Showing posts with label JNI. Show all posts
Showing posts with label JNI. Show all posts

03 November 2011

JNI Local Reference Changes in ICS

[This post is by Elliott Hughes, a Software Engineer on the Dalvik team. — Tim Bray]

If you don’t write native code that uses JNI, you can stop reading now. If you do write native code that uses JNI, you really need to read this.

What’s changing, and why?

Every developer wants a good garbage collector. The best garbage collectors move objects around. This lets them offer very cheap allocation and bulk deallocation, avoids heap fragmentation, and may improve locality. Moving objects around is a problem if you’ve handed out pointers to them to native code. JNI uses types such as jobject to solve this problem: rather than handing out direct pointers, you’re given an opaque handle that can be traded in for a pointer when necessary. By using handles, when the garbage collector moves an object, it just has to update the handle table to point to the object’s new location. This means that native code won’t be left holding dangling pointers every time the garbage collector runs.

In previous releases of Android, we didn’t use indirect handles; we used direct pointers. This didn’t seem like a problem as long as we didn’t have a garbage collector that moves objects, but it let you write buggy code that still seemed to work. In Ice Cream Sandwich, even though we haven't yet implemented such a garbage collector, we've moved to indirect references so you can start detecting bugs in your native code.

Ice Cream Sandwich features a JNI bug compatibility mode so that as long as your AndroidManifest.xml’s targetSdkVersion is less than Ice Cream Sandwich, your code is exempt. But as soon as you update your targetSdkVersion, your code needs to be correct.

CheckJNI has been updated to detect and report these errors, and in Ice Cream Sandwich, CheckJNI is on by default if debuggable="true" in your manifest.

A quick primer on JNI references

In JNI, there are several kinds of reference. The two most important kinds are local references and global references. Any given jobject can be either local or global. (There are weak globals too, but they have a separate type, jweak, and aren’t interesting here.)

The global/local distinction affects both lifetime and scope. A global is usable from any thread, using that thread’s JNIEnv*, and is valid until an explicit call to DeleteGlobalRef(). A local is only usable from the thread it was originally handed to, and is valid until either an explicit call to DeleteLocalRef() or, more commonly, until you return from your native method. When a native method returns, all local references are automatically deleted.

In the old system, where local references were direct pointers, local references were never really invalidated. That meant you could use a local reference indefinitely, even if you’d explicitly called DeleteLocalRef() on it, or implicitly deleted it with PopLocalFrame()!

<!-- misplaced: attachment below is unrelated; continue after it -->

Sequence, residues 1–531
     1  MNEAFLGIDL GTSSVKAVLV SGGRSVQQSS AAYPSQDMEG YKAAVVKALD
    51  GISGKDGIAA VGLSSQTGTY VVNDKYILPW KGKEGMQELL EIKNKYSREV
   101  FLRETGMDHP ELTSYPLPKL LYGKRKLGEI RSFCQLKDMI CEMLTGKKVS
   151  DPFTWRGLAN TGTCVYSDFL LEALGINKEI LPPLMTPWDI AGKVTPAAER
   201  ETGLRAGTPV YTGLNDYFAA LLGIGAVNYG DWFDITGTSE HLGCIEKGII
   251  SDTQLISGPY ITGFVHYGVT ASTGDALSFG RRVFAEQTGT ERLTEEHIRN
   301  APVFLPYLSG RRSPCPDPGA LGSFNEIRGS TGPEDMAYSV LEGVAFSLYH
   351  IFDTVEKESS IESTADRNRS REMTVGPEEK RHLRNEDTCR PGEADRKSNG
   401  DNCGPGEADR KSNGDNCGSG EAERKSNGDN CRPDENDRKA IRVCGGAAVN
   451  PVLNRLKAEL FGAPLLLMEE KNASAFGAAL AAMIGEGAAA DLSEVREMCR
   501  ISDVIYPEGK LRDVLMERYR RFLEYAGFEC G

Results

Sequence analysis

Although any given JNIEnv* is only valid for use on one thread, because Android never had any per-thread state in a JNIEnv*, it used to be possible to get away with using a JNIEnv* on the wrong thread. Now there’s a per-thread local reference table, it’s vital that you only use a JNIEnv* on the right thread.

Those are the bugs that ICS will detect. I’ll go through a few common cases to illustrate these problems, how to spot them, and how to fix them. It’s important that you do fix them, because it’s likely that future Android releases will utilize moving collectors. It will not be possible to offer a bug-compatibility mode indefinitely.

Common JNI reference bugs

Bug: Forgetting to call NewGlobalRef() when stashing a jobject in a native peer

If you have a native peer (a long-lived native object corresponding to a Java object, usually created when the Java object is created and destroyed when the Java object’s finalizer runs), you must not stash a jobject in that native object, because it won’t be valid next time you try to use it. (Similar is true of JNIEnv*s. They might be valid if the next native call happens on the same thread, but they won’t be valid otherwise.)

 class MyPeer {
 public:
   MyPeer(jstring s) {
     str_ = s; // Error: stashing a reference without ensuring it’s global.
   }
   jstring str_;
 };

 static jlong MyClass_newPeer(JNIEnv* env, jclass) {
   jstring local_ref = env->NewStringUTF("hello, world!");
   MyPeer* peer = new MyPeer(local_ref);
   return static_cast<jlong>(reinterpret_cast<uintptr_t>(peer));
   // Error: local_ref is no longer valid when we return, but we've stored it in 'peer'.
 }

 static void MyClass_printString(JNIEnv* env, jclass, jlong peerAddress) {
   MyPeer* peer = reinterpret_cast<MyPeer*>(static_cast<uintptr_t>(peerAddress));
   // Error: peer->str_ is invalid!
   ScopedUtfChars s(env, peer->str_);
   std::cout << s.c_str() << std::endl;
 }

The fix for this is to only store JNI global references. Because there’s never any automatic cleanup of JNI global references, it’s critically important that you clean them up yourself. This is made slightly awkward by the fact that your destructor won’t have a JNIEnv*. The easiest fix is usually to have an explicit ‘destroy‘ function for your native peer, called from the Java peer’s finalizer: